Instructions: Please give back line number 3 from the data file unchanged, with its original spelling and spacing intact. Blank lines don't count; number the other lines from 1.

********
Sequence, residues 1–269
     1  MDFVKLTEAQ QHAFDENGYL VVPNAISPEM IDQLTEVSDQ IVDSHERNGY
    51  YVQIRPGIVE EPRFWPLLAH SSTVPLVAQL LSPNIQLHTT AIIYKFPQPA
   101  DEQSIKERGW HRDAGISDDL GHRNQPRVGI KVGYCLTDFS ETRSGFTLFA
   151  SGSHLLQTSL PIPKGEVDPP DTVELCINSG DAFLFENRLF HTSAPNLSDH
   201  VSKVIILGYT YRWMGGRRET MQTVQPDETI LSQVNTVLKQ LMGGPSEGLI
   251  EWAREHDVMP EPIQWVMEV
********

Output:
    51  YVQIRPGIVE EPRFWPLLAH SSTVPLVAQL LSPNIQLHTT AIIYKFPQPA